We talked to scouts who liked his potential after seeing him in the GCL in 2012, and saw him as a future MLB player. He ranked 24th overall in the system heading into 2013, but slipped to 43rd the next year after struggling offensively in West Virginia. He slipped off the top 50 heading into this year after struggling even further in Bradenton last year.
Moroff showed a trend in his first two full-seasons. He drew a good amount of walks, and had a lot of extra base hits, but didn’t hit for average and his strikeout numbers were gradually rising. This is often a result of hitters being too selective at the plate, and our live reports of Moroff during that time confirmed this. Here was our report on him from the 2015 Prospect Guide:
Moroff has an interesting set of skills that makes him look like a promising prospect, and at the same time, leaves concerns that he’ll never succeed above A-ball. He’s very patient at the plate, to the point where he can be too selective. This leads to a lot of walks and a lot of strikeouts, as there are many at-bats where he will stand and look at every pitch until the count goes full. He has a line drive stroke to the gap, although he doesn’t hit for enough power to justify the overly selective approach.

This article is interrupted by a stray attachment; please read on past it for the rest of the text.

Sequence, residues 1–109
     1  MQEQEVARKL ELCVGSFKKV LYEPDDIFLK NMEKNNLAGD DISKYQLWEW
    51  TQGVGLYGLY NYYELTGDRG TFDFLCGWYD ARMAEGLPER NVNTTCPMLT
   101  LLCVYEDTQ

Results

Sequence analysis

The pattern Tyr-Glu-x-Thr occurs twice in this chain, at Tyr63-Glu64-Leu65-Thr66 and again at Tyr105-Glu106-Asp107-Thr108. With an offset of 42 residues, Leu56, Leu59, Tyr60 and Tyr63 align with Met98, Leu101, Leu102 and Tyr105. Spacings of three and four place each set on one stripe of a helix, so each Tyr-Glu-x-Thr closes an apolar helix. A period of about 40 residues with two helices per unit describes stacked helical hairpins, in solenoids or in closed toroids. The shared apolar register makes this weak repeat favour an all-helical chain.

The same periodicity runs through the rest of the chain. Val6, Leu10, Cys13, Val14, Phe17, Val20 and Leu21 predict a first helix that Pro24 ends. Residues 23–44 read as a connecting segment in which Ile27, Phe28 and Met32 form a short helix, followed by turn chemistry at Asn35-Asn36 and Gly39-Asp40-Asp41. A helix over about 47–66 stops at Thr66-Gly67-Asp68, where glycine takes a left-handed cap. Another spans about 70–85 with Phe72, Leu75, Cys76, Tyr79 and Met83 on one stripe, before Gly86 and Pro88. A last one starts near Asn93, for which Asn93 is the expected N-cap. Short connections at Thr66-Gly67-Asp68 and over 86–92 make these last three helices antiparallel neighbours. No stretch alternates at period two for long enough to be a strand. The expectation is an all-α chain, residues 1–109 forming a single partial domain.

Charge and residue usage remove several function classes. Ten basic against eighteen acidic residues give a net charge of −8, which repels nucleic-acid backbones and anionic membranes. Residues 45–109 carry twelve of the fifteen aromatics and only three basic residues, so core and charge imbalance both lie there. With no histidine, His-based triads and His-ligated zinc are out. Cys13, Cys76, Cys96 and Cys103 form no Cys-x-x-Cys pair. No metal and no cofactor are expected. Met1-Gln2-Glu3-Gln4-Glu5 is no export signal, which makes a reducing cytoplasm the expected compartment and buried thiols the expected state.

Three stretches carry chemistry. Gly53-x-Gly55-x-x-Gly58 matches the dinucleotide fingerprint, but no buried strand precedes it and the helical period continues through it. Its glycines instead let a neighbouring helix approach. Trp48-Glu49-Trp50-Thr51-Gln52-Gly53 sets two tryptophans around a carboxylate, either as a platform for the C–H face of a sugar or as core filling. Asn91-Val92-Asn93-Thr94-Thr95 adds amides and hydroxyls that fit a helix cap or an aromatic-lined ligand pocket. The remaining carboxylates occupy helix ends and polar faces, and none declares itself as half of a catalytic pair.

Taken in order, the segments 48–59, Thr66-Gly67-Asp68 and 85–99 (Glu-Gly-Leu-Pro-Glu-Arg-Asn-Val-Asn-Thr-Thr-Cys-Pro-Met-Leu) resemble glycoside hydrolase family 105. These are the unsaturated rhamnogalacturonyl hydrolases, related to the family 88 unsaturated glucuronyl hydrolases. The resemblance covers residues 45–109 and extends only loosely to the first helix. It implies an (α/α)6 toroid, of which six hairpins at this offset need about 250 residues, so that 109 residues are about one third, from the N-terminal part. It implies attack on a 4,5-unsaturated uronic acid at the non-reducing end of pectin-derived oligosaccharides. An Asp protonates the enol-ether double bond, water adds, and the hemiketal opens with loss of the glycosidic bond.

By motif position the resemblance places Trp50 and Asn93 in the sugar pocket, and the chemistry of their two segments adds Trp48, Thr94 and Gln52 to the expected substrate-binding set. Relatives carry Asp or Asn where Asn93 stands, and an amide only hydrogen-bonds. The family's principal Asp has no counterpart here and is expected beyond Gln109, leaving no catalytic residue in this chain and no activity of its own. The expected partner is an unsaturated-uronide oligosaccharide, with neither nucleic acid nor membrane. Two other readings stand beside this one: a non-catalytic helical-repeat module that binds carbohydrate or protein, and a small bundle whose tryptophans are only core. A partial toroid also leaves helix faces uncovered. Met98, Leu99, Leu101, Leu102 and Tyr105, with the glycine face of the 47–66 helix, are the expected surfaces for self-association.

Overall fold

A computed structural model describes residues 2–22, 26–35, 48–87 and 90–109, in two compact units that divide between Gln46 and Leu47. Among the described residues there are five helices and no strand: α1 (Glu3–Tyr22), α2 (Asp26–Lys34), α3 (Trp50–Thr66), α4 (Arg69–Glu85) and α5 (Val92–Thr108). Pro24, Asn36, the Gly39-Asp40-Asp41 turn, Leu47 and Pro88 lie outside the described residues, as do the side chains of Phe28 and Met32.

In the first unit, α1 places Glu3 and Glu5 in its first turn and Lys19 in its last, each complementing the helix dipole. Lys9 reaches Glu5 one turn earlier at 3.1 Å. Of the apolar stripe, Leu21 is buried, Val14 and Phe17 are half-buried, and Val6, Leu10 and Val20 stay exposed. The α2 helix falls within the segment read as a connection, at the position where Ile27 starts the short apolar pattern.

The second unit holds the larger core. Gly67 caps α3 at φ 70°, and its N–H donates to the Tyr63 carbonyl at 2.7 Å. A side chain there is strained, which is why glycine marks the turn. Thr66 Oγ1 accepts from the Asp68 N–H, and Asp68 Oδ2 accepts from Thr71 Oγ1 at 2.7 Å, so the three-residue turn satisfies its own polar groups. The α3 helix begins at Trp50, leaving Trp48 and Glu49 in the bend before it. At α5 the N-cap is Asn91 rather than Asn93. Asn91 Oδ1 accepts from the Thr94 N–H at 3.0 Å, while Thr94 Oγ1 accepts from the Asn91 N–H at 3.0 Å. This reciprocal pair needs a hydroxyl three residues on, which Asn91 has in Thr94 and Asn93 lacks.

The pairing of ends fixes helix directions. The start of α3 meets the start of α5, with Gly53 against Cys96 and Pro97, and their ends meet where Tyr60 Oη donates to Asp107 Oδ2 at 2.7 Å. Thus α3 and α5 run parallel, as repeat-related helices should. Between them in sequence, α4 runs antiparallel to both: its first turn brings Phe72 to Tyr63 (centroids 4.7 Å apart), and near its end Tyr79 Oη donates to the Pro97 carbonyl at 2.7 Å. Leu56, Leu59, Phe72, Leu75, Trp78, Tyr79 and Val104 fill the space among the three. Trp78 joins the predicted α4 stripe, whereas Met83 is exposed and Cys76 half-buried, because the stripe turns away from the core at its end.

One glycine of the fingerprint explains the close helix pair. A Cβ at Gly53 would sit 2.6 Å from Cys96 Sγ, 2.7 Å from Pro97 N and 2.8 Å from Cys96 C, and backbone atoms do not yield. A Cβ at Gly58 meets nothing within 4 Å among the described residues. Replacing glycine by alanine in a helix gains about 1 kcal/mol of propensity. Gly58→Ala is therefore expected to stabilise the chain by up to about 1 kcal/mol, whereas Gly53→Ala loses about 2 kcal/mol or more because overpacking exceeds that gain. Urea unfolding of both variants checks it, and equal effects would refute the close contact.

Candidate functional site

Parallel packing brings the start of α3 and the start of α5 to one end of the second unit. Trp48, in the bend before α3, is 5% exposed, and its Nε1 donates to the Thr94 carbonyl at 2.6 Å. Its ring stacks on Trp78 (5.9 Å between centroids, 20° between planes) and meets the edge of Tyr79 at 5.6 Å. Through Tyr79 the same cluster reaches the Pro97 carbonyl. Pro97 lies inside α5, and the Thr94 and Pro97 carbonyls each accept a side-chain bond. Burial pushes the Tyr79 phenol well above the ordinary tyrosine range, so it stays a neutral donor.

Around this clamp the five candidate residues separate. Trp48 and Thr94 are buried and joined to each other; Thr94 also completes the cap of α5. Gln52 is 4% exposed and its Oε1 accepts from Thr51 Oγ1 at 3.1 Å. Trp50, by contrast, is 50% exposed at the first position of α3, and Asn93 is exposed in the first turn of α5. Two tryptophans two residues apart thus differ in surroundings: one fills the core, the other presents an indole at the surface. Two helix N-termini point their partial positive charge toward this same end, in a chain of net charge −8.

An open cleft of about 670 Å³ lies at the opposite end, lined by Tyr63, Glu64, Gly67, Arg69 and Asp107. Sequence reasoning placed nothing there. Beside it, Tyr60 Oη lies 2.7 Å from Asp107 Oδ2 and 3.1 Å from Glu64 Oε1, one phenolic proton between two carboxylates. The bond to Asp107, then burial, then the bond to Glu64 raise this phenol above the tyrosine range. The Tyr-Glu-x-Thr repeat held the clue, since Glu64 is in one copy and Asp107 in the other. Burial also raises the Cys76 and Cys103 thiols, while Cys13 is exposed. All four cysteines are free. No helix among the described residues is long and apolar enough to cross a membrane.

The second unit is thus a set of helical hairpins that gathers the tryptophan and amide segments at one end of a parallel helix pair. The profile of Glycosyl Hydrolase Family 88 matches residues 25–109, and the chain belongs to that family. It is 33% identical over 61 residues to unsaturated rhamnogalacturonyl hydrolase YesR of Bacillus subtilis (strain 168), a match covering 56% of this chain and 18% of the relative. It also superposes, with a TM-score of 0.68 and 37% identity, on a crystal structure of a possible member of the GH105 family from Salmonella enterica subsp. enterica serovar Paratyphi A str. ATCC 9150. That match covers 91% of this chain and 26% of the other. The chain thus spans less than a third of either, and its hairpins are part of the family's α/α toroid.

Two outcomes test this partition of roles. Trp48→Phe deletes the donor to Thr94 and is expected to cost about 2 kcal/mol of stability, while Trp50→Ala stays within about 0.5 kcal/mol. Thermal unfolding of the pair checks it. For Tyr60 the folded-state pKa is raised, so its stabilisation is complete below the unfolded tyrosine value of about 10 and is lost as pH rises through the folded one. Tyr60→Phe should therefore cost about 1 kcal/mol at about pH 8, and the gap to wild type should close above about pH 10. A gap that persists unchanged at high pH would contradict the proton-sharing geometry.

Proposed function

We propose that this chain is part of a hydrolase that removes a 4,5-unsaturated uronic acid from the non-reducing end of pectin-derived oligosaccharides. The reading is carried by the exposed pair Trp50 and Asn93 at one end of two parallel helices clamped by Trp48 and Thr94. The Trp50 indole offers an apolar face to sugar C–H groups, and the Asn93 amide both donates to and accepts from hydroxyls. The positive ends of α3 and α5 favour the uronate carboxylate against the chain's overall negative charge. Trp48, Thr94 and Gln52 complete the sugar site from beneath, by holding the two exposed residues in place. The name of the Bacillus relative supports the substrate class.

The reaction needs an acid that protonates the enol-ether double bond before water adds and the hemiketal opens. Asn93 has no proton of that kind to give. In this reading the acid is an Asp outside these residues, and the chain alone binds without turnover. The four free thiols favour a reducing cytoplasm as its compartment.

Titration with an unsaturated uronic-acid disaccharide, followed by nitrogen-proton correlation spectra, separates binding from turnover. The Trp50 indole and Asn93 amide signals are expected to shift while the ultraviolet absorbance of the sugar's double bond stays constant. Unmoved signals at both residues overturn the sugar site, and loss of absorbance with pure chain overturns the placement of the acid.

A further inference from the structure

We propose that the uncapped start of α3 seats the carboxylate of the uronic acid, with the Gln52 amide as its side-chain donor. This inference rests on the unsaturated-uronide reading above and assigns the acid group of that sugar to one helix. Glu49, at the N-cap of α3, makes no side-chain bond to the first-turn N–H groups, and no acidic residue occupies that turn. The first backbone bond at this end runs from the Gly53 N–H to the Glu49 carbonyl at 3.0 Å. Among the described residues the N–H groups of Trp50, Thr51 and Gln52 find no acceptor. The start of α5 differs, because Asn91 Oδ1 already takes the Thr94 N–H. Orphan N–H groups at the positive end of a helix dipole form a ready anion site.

A big change this year for Moroff was his move to being a more aggressive hitter, along with more movement pre-pitch, as Sean McCool detailed earlier in the year. In taking this approach, he lowered his strikeout rate, raised his walk rate, and showed his best power production of his career, with a .117 ISO that beat out his .112 ISO in West Virginia in 2013. The fact that this power came with an ability to hit for average, a low amount of strikeouts, and a high amount of walks was encouraging.
Moroff spent most of his time at second base this year, where he has excellent defense. He also played 13 games at shortstop and got some time at third base at the end of the season. In the future, he profiles as a super utility player in the majors. He could be a starter if he either adds more power, or manages to carry his high average and on-base percentage to the majors, combined with strong defense at second.